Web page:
Is the recently discovered in the archives of the FBI memo in 1950 proves that the U.S. government attested facts of flying saucers and alien bodies in Roswell, New Mexico? This was the main topic of many news publications and Web sites. British tabloid "Sun", for example, points out that "amazing UFO seen in Roswell, New Mexico, has been described in detail FBI agent Guy Hottel (Guy Hottel) in a memo in 1950 director of".
In the memo, dated 22 March, it was reported that "an investigative Air Force argued that the three so-called flying saucers were found in New Mexico ... Each plate contained three forms of the human beings who have been growing only about 90 cm and dressed in metallic cloth colors are very fine texture. According to our informants, who wished to remain anonymous, flying devices were found in New Mexico. " This is obviously true memo belonging to the FBI office, and so far there is no clear confirmation of fraud.
This confidential document is a clear piece of evidence that finally confirmed the suspicions of all the people who believe in the existence of UFOs. The story was circling around the Internet, attracting the attention of loud titles like "The secret FBI document ’proves’ the fact of the landing of aliens in Roswell in 1947."
The truth, however, is contradictory. Memo - this is no secret, nor is something new, and not necessarily something related to the events that happened in Roswell. This document was actually discussed among ufologists, starting with the late 1990s. In the closed reading revealed that the agent Hottel does not endorse or verify any of the information provided in the memo, and he just said that he told the investigator of the Air Force, who told someone else about the destruction of flying saucers. Thus, it is not documented, the story of the third word.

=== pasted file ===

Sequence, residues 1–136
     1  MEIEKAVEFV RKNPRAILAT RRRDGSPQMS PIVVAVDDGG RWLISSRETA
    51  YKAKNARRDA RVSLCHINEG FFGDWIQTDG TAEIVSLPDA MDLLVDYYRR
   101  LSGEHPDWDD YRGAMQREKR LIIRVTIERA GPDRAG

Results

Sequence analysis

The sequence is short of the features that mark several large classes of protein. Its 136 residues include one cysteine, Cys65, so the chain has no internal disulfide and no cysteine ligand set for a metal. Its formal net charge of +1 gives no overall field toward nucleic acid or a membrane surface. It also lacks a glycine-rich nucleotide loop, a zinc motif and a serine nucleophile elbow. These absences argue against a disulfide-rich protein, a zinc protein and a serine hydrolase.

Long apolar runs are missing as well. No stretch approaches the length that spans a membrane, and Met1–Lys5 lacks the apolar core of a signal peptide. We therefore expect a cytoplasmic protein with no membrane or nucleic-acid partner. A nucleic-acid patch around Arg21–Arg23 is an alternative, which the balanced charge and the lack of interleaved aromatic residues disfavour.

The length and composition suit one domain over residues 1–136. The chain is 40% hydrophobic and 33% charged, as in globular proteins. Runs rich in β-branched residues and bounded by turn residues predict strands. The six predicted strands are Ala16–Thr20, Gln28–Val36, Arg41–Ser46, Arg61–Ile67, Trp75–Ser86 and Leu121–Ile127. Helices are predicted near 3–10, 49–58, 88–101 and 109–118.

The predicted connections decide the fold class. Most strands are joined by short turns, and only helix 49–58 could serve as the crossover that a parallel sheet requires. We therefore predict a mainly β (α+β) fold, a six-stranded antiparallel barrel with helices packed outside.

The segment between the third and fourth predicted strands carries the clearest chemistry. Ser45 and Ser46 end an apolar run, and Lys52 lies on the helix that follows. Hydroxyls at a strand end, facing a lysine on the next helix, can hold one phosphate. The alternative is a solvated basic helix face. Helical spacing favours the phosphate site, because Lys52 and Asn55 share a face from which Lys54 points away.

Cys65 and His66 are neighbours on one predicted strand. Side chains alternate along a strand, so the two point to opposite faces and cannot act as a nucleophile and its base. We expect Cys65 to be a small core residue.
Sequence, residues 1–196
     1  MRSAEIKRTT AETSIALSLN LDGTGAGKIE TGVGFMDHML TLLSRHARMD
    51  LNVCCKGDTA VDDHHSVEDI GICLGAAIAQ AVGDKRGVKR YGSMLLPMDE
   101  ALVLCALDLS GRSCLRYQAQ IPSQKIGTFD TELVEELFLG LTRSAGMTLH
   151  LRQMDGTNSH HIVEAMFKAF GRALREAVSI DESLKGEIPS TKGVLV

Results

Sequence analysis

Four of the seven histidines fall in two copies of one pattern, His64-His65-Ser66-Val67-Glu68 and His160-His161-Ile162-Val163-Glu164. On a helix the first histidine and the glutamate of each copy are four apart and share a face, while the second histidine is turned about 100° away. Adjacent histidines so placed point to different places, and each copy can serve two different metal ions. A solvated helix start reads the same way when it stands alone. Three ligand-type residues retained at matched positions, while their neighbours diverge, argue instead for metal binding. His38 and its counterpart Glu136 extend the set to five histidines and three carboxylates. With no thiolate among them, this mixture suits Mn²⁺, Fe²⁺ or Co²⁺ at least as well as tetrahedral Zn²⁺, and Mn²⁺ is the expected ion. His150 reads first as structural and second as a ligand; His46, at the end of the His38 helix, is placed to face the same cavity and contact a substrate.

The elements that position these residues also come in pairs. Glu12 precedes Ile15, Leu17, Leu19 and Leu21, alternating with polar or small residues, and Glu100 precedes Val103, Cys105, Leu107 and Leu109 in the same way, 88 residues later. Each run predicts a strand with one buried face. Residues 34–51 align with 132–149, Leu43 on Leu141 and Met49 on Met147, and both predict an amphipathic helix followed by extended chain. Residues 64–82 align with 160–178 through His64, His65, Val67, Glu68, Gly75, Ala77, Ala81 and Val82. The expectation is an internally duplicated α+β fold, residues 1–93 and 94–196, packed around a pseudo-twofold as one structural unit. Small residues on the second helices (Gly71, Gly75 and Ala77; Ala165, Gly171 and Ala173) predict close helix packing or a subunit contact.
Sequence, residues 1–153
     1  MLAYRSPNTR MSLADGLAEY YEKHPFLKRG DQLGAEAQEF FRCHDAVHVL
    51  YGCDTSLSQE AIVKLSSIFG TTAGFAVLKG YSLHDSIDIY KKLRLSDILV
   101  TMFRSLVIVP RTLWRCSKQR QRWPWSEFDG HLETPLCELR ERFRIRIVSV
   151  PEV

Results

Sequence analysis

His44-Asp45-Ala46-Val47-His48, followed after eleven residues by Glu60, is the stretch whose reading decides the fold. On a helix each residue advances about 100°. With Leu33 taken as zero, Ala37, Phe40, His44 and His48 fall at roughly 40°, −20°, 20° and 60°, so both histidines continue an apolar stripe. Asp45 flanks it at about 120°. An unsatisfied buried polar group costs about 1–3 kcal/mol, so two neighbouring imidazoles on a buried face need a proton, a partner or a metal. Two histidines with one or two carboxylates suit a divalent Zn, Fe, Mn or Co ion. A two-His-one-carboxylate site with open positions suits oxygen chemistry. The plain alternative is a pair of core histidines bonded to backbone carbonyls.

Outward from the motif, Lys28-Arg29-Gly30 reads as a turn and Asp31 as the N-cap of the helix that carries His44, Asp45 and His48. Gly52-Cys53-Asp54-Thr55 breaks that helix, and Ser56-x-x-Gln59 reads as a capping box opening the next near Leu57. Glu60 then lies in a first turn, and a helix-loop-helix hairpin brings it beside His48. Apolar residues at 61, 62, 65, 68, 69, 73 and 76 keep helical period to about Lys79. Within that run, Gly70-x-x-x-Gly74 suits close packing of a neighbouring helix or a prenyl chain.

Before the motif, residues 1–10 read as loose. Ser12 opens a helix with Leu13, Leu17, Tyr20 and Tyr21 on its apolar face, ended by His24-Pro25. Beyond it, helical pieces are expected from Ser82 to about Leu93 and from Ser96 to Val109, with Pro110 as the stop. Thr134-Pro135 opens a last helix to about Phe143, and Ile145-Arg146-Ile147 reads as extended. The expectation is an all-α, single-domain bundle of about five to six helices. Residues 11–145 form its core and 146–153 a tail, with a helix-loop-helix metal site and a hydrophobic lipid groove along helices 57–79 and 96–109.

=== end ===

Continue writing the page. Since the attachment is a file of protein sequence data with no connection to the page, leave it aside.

Further description in the memo of the three "flying saucers circular shape with raised centers, approximately 50 feet (15 meters) in diameter," does not correspond to an accident in 1947 in Roswell. Eyewitnesses described the discovery of Roswell as a light metal debris scattered in the field, instead of three whole dish diameter of 50 feet, in which there were nine dead alien bodies.
In fact, this memo does not refer to Roswell, and on the other a small New Mexico town called Aztec, which in March 1948 was recorded UFO crash. Thomas David (David E. Thomas), a physicist and researcher with a group of New Mexicans for Science and Reason, discovered that the informant mentioned in the memo was undoubtedly a con artist named Silas Newton (Silas Newton), who created the hoax UFO crash, composing a story about circular flying saucers with aliens rise no more than 3 feet (90 cm). He tried to convince investors that he had access to a crashed alien technology that will make them all rich. It was fraud, and Newton was arrested in 1952 and convicted on charges of fraud. Newton did not talk about it Investigative Air Force above Hottel as he told it to many other people, including the author of the magazine "Variety" named Frank Scully (Frank Scully).
Also suspicious of the fact that the document, which is "clear evidence" is the usual office memo. It is not classified as "Top Secret" or simply "The Secret", in fact he does not classified. This supposed evidence destroyed flying saucers mentioned in the usual memo, without much secrecy as openly as other office documents filed in a public folder skrepkosshivatelem.
Original: LiveScience Translation: M. Potter